Jay’s Note: “Real Estate 101” is a new series where we’ll explore the basics of real estate buying, selling and investing. Definitions, explanations and of course opinions. If you’ve been here long, you already know many of my series fail miserably. This one should stick though as the material is endless. And it’s not just for those who don’t know a lot about the real estate process, there should be information aplenty for just about everyone. It would be silly to commit to a rigorous posting schedule, as that would just be setting myself up for failure. I betcha we’ll get 2 ”“ 4 articles a month though. I’ll also go back through the archives as well as other industry blogs and spotlight some oldie but goodie articles on the Real Estate 101 page (accessible through the main navigation bar under the header).
Here’s a rough transcript of a call I got last night. Similar conversations happen multiple times a week. . .
Caller: I’m calling about your listing. . .
(95% of the time, it’s not our listing. Our sites show ALL homes for sale in the Phoenix area)
Me: That isn’t our listing, but I’d be happy to give you some information on it.
Caller: I’d rather speak to the listing agent.
Me: Mind if I ask you why? They represent the seller, and the seller’s interests. . .
Caller: I understand how real estate works. The listing agent won’t make as much money if you sell the home. They will discount their commission if I work through them.
Me: Maybe, maybe not. But you’ll have no negotiation position. It’s quite likely we could get the home for a lower price ”“ saving you more than the thousand or so they might take off their commission.
Caller: That’s OK, I know how real estate works. YOU get more if I pay more.
So here is a guy that is convinced he can save money if he uses an agent that represents the other party in the transaction. The same agent who already has a fiduciary duty to the seller. If you are buying a home, don’t you want someone working with you and representing your interests?
Sure, dual agency is legal in Arizona (and many other places). Here you’ll need to sign a document saying you are OK with having limited representation. Read that again ”“ if you are a buyer and you insist on working with the seller’s agent, you have to agree to limited representation.
Is limited representation worth “saving” a couple of thousand (at best) on a purchase of the size, complexity and cost of a real estate transaction?
Let’s take our caller for example. He was calling on a $190K home. So let’s say for the benefit of argument that the listing agent says, “Sure, I’ll drop my commission by 1% of the sales price”. I assure you he’s thinking on a full price offer (after all, he’s already working for the seller to get them top price). So that means the caller can now (maybe) purchase the home for $188,100 in theory “saving” the buyer $1,900.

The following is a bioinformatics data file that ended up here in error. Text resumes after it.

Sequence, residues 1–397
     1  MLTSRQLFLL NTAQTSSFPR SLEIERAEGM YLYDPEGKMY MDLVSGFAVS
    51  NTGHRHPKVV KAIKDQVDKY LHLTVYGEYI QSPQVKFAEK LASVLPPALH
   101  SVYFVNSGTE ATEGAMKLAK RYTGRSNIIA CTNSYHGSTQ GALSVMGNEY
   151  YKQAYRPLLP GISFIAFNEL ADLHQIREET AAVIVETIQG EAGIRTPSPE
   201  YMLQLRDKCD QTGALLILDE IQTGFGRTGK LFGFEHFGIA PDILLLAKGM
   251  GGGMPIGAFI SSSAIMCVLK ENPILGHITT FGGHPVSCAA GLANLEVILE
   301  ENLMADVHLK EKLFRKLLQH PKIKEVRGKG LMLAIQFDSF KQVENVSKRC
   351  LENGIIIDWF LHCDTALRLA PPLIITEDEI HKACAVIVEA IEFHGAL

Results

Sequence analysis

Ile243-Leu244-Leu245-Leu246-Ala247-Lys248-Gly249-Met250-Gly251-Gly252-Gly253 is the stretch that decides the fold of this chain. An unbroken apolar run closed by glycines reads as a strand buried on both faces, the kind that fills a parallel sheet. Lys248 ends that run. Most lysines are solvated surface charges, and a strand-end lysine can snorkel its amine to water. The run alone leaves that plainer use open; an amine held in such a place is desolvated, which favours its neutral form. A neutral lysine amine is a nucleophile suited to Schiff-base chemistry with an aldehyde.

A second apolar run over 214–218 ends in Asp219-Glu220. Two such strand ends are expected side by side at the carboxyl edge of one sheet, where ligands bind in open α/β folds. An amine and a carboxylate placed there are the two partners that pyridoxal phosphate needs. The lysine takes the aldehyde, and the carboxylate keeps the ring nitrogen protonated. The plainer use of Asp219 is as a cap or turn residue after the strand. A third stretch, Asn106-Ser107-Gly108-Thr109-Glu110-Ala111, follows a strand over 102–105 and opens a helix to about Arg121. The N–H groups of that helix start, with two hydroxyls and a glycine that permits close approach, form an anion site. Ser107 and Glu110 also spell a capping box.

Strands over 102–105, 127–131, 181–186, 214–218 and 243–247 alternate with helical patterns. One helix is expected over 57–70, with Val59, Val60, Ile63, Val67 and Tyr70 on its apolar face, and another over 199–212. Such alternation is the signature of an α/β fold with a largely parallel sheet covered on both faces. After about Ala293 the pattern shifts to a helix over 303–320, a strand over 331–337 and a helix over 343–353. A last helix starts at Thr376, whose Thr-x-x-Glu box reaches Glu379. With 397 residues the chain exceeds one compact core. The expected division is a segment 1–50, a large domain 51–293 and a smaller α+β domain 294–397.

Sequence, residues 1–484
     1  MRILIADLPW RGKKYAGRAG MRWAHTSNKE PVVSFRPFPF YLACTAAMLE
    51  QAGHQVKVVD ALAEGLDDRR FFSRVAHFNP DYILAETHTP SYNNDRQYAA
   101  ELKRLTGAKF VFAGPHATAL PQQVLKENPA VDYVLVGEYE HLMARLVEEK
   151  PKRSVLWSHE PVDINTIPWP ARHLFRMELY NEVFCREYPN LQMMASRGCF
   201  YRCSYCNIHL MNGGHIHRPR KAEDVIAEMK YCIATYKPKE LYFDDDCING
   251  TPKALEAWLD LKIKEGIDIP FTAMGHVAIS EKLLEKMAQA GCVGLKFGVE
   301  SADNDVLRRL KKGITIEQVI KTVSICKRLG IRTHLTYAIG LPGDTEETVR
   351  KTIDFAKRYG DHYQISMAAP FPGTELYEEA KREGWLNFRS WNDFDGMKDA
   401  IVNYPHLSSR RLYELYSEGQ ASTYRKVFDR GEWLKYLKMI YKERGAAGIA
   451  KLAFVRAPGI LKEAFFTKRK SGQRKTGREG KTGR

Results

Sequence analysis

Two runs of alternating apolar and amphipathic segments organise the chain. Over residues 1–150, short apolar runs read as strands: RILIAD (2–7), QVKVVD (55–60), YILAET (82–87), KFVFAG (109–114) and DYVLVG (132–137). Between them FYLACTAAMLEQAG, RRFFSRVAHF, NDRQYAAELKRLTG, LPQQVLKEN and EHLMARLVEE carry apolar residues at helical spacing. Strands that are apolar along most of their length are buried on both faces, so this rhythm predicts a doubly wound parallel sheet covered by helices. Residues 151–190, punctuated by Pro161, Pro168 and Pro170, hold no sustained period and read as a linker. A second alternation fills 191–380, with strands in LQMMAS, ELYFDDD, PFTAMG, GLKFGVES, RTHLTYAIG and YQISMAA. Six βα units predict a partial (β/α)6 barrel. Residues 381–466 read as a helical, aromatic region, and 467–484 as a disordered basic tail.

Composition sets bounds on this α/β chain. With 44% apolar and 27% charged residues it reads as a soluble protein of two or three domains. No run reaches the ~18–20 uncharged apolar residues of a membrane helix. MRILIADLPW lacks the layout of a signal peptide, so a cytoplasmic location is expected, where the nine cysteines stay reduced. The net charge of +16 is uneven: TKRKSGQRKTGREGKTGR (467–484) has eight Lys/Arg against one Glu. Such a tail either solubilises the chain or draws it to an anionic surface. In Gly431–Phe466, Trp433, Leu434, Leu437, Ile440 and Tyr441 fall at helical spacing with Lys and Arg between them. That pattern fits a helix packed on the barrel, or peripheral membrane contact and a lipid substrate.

Let’s do a little math:
Buyer is putting down 20%, and can get a 5.5% fixed interest rate 30 year mortgage.
With a purchase price of 190,000, the buyer needs $38,000 down, so he’s financing $152,000.
That would be a monthly payment of $1,021.
With a purchase price of $188,100, the buyer needs $37,620 down so he’s financing $150,480.
That would be a monthly payment of $1,011.
So what, exactly, is the buyer “saving”?
OK, they need to show up with $380 less of a down payment. And his monthly payment will drop by a whopping $10 a month.
(yes, over the 30 year life of the loan, that $10/month amounts to $3,600. Assuming of course, you really live in the home for 30 years.)
What if, with his own representation he was able to negotiate a purchase price of 5% under list (which is entirely possible in the Phoenix market, and many others).
190,000 ”“ 5% = $180,500 purchase price. $36,100 down. $970 month. That’s $1,520 less down and a $41/month lower payment.
What if, with his own representation, he was able to get some seller concessions toward closing costs AND a lower sales price?
What if, with his own representation, he was able to get the seller to “buy down” his mortgage, resulting in a significantly lower payment across the term of the loan?
Do you really think an agent who represents the seller’s best interest is going to attempt to do this for you the buyer? Remember, you get limited representation. . .
Here’s a thought. Say you are interested in an REO property. During your inspection you find the home needs a new roof (water heater, A/C ”“ insert expensive item here). Do you think the seller’s agent is going to go to bat for you? Think he’s going to risk pissing off the lender (his client) and possibly lose future listings from that lender? No, he’s going to say, “Sorry, REO’s are always sold as-is”. (Hint ”“ sometimes a good buyer’s agent can get a bank to make major repairs, even if the home is listed as is).
Representation is important. We’re not talking about walking into Best Buy and purchasing a television. If that doesn’t work out, you can return it. And you’re not spending 200 thousand on a TV. We’re talking about a home purchase, quite likely the single largest purchase you’ll make in your lifetime.
Don’t you want someone representing you and only you and your best interests?